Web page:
Nick Sandberg, 2001

Holistic science has been around for a long time and is rooted in Buddhist and Hindu scientific beliefs in the East, and Judaeo-Christian esotericism in the West. And whilst many of its principles are not currently taken very seriously by scientists, it still has plenty of proponents within the mainstream. Furthermore, its ideas may be useful at a symbolic level, better helping one comprehend routes to healing.

A core principle of holistic science is the idea that our physical body is merely one of a series of bodies which exist, laid one on top of the other, as a series of ‘frequency envelopes’. An easy to visualise model being – four similar bodies aligned above one another and named, lower to upper, physical, emotional (or astral), mental and spiritual. The seat of our conscious awareness typically resides in the physical and the level to which we can access the spiritual aspects of our being is principally regulated by the emotional body. Energy passes from one body to those around it via the ‘chakras’, vortices which act like transformers and thus facilitate this movement of energy throughout the overall system. In the physical body, the seven principal chakras are believed to correspond roughly to the seven components of the endocrine system.

The emotional body can be modelled in the mind as a cellular membrane in a relative state of cleanliness or uncleanliness. What generally causes the emotional body to become unclean is the influence of conditioning or trauma, usually from the first years of our lives and including womb and birth trauma. The presence of any degree of conditioning or trauma therefore can be seen as acting as a block to us developing the more spiritual aspects of our nature.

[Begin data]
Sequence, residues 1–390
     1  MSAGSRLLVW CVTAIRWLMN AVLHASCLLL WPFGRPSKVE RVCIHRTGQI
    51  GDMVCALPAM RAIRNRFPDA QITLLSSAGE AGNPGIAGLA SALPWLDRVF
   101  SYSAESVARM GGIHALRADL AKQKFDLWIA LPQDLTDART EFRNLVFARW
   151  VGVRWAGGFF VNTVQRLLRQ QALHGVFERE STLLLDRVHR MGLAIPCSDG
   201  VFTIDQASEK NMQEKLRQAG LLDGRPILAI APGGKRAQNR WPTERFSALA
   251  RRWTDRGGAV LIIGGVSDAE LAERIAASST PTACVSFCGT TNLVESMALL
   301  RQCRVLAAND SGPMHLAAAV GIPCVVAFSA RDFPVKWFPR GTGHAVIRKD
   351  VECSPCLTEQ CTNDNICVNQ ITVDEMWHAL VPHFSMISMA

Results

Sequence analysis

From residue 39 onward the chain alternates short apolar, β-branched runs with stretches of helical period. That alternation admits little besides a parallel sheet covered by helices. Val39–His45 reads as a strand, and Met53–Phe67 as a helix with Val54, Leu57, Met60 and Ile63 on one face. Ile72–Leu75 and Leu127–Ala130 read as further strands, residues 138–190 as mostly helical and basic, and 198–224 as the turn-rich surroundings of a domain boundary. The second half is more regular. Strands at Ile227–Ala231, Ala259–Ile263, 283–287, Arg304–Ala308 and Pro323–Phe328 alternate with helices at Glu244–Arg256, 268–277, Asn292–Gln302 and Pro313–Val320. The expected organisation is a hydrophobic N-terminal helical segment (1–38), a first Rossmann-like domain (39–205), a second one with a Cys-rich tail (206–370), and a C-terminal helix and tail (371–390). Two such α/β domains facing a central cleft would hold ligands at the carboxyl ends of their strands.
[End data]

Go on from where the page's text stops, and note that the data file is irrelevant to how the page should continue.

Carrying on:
Ibogaine users familiar with holistic science have frequently mentioned that it appears to operate directly on the emotional body, temporarily clearing it of all the accumulated traumatic pollutants, and leaving one feeling spiritually recharged.
It is for this reason that ibogaine, or its natural source, iboga rootbark, is frequently sought out for self-development purposes by those interested in enhancing their intrinsic spirituality.

Aside from working on the emotional body, ibogaine can also considerably stimulate the pineal, or ‘third eye’ chakra. This is particularly likely with repeat usage. If this centre is not ‘grounded’ post ibogaine it may lead to the individual developing, amongst other traits, delusional thinking and extreme stubbornness. This is a likely reason why many members of the Bwiti religion are notoriously tetchy and utterly dogmatic in their beliefs. Some form of grounding practice, such as reiki or breathwork, may be worth considering for frequent ibogaine users.